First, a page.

trustee tesponsibilities

Wills And A New Way

The government has confirmed that new legislation will enable people making Wills to have those Wills witnessed via video- link.

This might not seem all that dramatic a development to the tech-savvy among us whose lives now routinely involve Zoom, FaceTime and the like. But it is a move that significantly relaxes the rule that requires a Will to be witnessed ‘in the presence of’ at least two witnesses at the same time. Being present has usually meant being physically present – being alongside the Will-maker, in the same physical space.

There are very good reasons for having strict rules around the making and witnessing of a Will. Where people’s post-death wishes are being recorded, it is vital that everything is above board and that the risk of that person having been pressured in one way or another, or of the Will having been forged, is minimised. Having two witnesses on hand (crucially, each with a clear line of sight of the Will-maker signing the Will) is one really important aspect of this, without which the Will will not be valid.

But COVID-19 has put obstacles in the way of people who have wanted to make or update their Will (witnessing is required for both). While my team and I have been able to prepare Wills for clients during lockdown and beyond, getting those Wills witnessed has been challenging or impossible for people who have been isolating or shielding. Some have been happy to have their Wills witnessed through a closed window or an open door, but many have held off from this final, crucial, part of the process.

Recognising this difficulty, the government has now said that Wills made between 31 January 2020 and 31 January 2022 will be considered valid (assuming everything else about them and their making is in line with the law) if they have been properly witnessed via video-link. While the type of video-conferencing used doesn’t seem to matter, the link must be ‘live’; the witnesses must actually see the Will being signed, as opposed to witnessing a recording of the signature.  And, as always, there must be a clear line of sight – something that all involved must be careful to ensure at the time.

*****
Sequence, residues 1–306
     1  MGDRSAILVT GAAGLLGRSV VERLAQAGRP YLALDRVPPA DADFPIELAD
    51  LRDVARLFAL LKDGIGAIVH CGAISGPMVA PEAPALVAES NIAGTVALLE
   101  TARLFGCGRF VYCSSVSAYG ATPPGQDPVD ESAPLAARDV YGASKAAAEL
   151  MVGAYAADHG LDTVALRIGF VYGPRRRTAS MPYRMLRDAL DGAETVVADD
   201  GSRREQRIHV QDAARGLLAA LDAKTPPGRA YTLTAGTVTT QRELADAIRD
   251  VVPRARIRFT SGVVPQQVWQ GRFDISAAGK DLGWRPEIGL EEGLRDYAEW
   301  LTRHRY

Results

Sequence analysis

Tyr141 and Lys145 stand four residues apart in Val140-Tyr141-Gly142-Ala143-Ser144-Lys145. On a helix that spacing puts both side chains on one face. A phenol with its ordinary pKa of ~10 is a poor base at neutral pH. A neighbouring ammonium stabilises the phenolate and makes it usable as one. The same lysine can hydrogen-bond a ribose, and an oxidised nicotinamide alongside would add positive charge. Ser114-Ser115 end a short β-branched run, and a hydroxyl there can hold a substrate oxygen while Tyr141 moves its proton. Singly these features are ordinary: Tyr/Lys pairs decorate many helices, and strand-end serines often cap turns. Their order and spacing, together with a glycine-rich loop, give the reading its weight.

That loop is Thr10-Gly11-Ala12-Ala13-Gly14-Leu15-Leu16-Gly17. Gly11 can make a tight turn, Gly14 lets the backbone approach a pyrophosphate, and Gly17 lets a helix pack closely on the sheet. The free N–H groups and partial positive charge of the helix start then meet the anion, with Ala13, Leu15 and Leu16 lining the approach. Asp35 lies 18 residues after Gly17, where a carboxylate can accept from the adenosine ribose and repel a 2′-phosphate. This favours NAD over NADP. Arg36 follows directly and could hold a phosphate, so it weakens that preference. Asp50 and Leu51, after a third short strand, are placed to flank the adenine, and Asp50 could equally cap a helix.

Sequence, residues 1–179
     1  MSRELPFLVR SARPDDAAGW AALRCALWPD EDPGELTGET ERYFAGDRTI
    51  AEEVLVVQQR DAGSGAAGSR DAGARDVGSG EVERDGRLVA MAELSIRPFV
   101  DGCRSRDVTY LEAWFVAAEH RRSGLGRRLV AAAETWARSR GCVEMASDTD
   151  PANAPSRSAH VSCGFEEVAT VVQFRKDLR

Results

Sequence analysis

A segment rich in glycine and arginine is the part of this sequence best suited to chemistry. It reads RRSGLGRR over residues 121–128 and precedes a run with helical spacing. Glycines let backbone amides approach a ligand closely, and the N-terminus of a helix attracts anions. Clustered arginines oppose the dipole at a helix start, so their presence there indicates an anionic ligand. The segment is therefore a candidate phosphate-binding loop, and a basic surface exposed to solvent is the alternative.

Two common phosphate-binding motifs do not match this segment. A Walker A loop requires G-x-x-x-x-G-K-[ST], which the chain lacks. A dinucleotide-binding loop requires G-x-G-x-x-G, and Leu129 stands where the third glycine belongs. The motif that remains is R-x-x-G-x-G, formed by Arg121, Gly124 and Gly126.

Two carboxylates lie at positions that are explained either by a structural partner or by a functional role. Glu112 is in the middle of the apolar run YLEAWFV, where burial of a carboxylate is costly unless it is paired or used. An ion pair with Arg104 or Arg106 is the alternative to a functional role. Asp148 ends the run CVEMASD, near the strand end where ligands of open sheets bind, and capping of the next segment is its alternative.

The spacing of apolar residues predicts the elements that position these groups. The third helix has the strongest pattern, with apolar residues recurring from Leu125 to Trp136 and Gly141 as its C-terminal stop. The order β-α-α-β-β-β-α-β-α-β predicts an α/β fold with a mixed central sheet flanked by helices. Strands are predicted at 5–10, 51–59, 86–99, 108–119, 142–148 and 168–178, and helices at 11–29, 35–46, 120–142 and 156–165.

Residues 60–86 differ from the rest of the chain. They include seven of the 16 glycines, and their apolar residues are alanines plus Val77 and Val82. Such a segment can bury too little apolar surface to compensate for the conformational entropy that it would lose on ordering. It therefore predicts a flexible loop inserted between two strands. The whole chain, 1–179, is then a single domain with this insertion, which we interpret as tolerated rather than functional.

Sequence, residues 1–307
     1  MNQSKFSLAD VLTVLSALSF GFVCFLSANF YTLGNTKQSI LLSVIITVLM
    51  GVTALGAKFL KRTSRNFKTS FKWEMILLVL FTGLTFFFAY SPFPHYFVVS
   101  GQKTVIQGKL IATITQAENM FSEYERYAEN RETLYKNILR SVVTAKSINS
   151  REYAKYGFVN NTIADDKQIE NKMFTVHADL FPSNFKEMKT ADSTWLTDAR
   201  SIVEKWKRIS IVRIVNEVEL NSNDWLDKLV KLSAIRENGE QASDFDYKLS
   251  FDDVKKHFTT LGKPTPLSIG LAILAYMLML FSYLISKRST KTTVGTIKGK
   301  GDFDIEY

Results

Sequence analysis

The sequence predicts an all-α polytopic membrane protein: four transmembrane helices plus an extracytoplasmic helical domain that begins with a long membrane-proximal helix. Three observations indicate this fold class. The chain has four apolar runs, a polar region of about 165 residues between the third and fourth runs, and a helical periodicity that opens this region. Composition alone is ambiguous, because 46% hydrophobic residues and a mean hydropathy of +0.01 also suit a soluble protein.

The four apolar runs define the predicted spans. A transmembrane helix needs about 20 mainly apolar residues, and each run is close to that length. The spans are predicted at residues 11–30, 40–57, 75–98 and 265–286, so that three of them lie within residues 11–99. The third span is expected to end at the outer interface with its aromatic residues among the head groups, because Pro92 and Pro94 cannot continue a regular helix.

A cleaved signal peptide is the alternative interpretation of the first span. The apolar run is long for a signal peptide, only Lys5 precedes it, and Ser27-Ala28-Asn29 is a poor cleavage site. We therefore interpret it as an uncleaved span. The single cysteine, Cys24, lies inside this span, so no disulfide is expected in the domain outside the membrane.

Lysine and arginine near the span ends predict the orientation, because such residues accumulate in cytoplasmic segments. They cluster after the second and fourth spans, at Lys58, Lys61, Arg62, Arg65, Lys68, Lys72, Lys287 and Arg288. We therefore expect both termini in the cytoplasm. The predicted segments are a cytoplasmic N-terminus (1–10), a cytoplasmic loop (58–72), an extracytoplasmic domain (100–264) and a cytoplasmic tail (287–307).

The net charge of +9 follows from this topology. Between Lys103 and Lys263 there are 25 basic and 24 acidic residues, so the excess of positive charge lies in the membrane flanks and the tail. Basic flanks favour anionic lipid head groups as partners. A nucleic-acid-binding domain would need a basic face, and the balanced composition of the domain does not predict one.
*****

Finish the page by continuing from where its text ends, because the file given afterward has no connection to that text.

This will be welcomed by all those who have been wanting to make or update their Will to reflect their current circumstances, but who feared having to come into contact with witnesses in order to do so. It is something that I also think is a hugely helpful move, in that it will hopefully encourage people to plan for the future by further removing obstacles to making a Will. We all know that many people put this off, and I firmly believe the easier we can make the process, the better.

That is of course with the proviso that the right protections against fraud and undue influence remain very much at the heart of this. There must be confidence in the system, and those making Wills need to be assured not only that their wishes will be carried through but also that those wishes will be those they genuinely hold (something that family members will be keen to ensure, too).

The proper and lawful witnessing of Wills is one part of this. And while people who are able to have their Wills witnessed in the conventional way are encouraged to do so, this new option of video-linking should have some really positive effects on those who would otherwise struggle to finalise their Wills at this time, and on the futures of their loved ones.

For help with preparing your Will, or for advice about any aspect of Wills and Probate, contact us on 01892 577092 or email info@thomasmansfield.com.